Life's quiet rhythms
Recently I sat in a college classroom and listened while the professor announced the assignment: ''Today, you will write a profile of your father.'' I was thirty-two years old, a wife and mother, and I had all but forgotten that I grew up without a father. I leaned back in my chair as my hard-earned maturity seemed to slip away from me, and I felt like a six-year-old girl again listening to my kindergarten teacher announce: ''Today, we will make ashtrays for our fathers.''
I had felt a little panic then. If I didn't have a father, I reasoned, I could not by rights make an ashtray. But I was stuck at a long table with the other children, each of us confronted with our allotted lump of clay and a pot of tempera. I worked along with everybody else - the last thing I wanted to be in those days was different.
I walked home alone, with my gift packed in a shoe box, and I didn't start to cry until I got two blocks and half an alley away from school. I sat down under an overproducing forsythia bush, where no one could see me. There I figured out for myself who would be the recipient of my gift: my grandfather. I lived with him. He put up with me. He deserved my lumpy blue ashtray, and a whole lot more.
All I knew about my real father at the time was that there had been a divorce when I was two, and the image of him that I had created from clues I uncovered in a trunk in the attic. He had left the grueling shift work of a millhand, determined to invent a new process for making steel. When invention failed, he went to sea in the merchant marine, and I never saw him again.
I have thought of him wistfully at times, and fancied myself the dreamer, too. I like to think that I take after him, in some ways, because then we are connected. But I see little reason left to wonder about him, for like many children today for whom the word ''family'' has an unconventional definition, I was blessed with someone in my life who served as father.
There is a father in everyone's life, I suspect, if you know how to recognize him. I remember the signs that I saw in my grandfather. He taught me how to tie my shoelaces. He let me comb his thinning hair. He couldn't abide my noise. His steady hand launched me on my first two-wheeler. He presided at the dinner table in the kitchen, where he gave me the habit of thankfulness. He let me use his cellar workbench for science projects, and he said, ''Now you're cooking with gas!'' when I brought home a good report card. And while I was growing up, he talked to me.
We talked about politics, though there was only one direction to go with a man who wore an ''I like Ike'' button around the house. We talked about faith and hard work. But no matter what he wanted me to think about, he never lectured; he told stories. Most any concept could be demonstrated in a family story. Only now, as a parent, have I come to see how much his storytelling left up to me. He would teach, but I would have to learn. I would have to make up my own mind.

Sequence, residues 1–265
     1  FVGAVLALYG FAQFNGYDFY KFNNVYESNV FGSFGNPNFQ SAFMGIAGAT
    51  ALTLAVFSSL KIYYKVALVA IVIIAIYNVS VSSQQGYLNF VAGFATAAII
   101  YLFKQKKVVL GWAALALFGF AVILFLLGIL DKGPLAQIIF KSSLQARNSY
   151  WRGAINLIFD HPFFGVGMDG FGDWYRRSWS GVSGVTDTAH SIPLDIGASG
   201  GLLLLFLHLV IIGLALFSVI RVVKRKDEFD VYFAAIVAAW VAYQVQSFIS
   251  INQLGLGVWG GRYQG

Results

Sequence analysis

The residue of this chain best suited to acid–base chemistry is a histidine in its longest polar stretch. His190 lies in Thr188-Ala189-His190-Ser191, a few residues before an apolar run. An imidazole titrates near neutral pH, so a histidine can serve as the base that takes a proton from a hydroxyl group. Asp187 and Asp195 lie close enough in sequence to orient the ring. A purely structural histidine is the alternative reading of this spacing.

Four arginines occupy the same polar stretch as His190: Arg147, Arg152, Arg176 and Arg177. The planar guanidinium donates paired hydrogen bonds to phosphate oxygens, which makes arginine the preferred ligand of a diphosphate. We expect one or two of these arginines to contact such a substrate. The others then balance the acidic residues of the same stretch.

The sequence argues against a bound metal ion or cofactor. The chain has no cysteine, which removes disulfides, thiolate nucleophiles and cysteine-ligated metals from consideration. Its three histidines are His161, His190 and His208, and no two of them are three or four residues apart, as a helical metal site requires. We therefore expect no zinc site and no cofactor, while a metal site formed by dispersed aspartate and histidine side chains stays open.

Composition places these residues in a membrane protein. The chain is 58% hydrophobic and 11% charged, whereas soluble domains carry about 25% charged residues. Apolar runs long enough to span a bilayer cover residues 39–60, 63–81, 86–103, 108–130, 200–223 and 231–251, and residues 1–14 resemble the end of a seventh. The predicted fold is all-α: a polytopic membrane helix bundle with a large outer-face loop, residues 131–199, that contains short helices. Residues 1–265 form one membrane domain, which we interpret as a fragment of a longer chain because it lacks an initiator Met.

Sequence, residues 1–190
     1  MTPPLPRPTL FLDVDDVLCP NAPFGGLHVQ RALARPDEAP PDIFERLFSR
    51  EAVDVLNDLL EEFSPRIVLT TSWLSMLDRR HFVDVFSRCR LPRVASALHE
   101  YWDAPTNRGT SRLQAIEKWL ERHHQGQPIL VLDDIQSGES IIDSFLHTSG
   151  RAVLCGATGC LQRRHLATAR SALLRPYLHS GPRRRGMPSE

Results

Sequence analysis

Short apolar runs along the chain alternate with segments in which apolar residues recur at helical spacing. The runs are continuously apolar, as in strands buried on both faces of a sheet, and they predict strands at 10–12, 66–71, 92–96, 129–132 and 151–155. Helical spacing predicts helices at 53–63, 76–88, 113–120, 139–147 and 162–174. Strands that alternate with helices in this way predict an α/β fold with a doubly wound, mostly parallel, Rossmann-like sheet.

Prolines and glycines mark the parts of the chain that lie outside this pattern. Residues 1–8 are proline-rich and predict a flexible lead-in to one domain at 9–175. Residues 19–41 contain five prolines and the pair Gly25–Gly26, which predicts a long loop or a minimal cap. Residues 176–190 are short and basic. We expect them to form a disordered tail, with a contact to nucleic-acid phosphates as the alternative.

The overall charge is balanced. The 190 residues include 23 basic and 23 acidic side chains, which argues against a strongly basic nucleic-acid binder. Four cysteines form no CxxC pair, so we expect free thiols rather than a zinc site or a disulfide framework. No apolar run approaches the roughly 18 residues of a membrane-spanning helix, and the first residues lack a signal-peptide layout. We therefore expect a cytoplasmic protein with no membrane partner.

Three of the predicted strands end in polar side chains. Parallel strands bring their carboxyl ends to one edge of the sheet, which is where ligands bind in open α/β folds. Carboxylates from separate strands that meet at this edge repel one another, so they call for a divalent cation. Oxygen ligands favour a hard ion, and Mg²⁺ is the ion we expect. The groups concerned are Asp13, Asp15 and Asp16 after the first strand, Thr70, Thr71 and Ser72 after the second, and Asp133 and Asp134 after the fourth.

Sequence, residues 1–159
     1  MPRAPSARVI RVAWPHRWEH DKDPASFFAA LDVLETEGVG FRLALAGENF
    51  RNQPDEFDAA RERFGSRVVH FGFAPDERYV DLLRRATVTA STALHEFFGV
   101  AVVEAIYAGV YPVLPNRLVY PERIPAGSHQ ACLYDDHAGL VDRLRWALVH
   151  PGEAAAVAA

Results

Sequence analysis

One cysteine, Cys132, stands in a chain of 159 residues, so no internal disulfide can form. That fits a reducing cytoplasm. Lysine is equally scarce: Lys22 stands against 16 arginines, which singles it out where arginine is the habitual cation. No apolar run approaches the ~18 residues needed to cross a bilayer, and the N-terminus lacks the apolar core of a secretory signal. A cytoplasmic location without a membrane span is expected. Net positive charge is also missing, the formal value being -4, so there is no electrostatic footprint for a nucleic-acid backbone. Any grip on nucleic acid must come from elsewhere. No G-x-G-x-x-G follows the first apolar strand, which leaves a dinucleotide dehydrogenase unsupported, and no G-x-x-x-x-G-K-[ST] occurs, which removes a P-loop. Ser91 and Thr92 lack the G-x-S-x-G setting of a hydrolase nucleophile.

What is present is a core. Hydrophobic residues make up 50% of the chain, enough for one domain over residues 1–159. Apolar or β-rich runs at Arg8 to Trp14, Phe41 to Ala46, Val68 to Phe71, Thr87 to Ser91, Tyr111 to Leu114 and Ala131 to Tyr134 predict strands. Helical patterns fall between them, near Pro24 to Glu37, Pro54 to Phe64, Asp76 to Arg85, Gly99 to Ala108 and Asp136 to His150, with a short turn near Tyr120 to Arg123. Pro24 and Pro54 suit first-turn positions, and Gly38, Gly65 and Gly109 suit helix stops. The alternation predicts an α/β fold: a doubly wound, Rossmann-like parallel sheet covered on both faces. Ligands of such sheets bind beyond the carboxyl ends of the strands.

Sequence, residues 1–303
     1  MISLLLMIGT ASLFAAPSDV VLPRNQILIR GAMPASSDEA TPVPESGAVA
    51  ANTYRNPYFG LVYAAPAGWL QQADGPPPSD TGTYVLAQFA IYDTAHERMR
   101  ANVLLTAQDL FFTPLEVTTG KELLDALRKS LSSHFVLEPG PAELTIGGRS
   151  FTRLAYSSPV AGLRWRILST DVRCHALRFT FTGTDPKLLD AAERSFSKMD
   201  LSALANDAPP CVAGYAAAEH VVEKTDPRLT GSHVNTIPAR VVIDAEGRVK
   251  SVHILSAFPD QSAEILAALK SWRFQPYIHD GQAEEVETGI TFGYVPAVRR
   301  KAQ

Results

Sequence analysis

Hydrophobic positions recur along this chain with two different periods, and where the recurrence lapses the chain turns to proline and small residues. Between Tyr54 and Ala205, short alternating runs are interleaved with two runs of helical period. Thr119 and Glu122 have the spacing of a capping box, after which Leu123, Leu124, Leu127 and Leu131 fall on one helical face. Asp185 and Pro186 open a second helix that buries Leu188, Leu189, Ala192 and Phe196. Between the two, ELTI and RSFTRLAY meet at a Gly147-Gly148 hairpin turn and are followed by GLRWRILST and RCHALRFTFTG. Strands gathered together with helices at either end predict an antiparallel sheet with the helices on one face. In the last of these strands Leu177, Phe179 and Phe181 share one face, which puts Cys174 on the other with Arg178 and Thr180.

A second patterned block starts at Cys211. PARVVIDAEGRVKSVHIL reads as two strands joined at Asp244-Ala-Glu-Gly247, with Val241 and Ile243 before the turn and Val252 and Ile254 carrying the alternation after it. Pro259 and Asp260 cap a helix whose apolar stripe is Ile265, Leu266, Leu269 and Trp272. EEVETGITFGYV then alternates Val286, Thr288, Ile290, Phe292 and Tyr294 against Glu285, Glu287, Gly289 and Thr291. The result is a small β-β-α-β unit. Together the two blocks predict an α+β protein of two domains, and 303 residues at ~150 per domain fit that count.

When I went to live with my grandfather he had just begun what he thought would be a quiet retirement. He took me in more out of good heart than good sense. Our house was on a long street in Pittsburgh, a four-block stretch of big brick houses, all built humbly close together.
My grandfather created the rhythm in that house. Once a week he sat at his tall desk in the bedroom where he typed checks and plucked papers from the pigeonholes; then he blotted, sealed, and pounded his fist on each envelope for good measure. Often I would hear him hammering and sawing at his massive workbench in the cellar. On the shelf above the bench, peanut butter jars of paint, and boxes of nails, rattled in time with his hammering.
There was a rhythm to the chores and the changes that went on almost unnoticed by me. In the summer the screens and awnings went up, and the grass was cut with a humanely quiet push mower. In the winter the screens came down, the awnings were rolled in the attic, and the sidewalk was shoveled to the neighbor's property line and then a little farther, just out of courtesy. On bitter cold winter mornings I would awake to the acrid but reassuring smell of coal gas rising from the cellar through the gratings in the floor. With only the faintest margin of light around the window blinds, my grandfather was up and had things going. He worked in the morning so that in the afternoon he could sit on the couch and read and relax. There he kept the Bible and U.S. News & World Reportm, the only two publications he trusted.
I wonder what rhythms I am passing on to my children. Perhaps they absorb my rhythms more than my rules. Am I passing on the gift of thankfulness, or sighing too often about the things we cannot afford? Am I greeting them in the morning with a smile that comes not always from pleasant circumstances, but from the joy of knowing that this is the day that the Lord has made?
I find myself thinking about my grandfather more now than I used to. It's nice to feel connected to someone, and even to excuse or flaunt some of one's own traits as gifts from a father. Now that I live in my own house, I turn into my grandfather late at night, for like him, I cannot go to bed without testing the door locks, checking the knobs on the gas stove, and turning out the porch light. I used to wonder why my husband was not the keeper of this night watch. I thought it was a man's job to be so methodical. But I was mixed up.
Closing up the house is the province of John's granddaughter.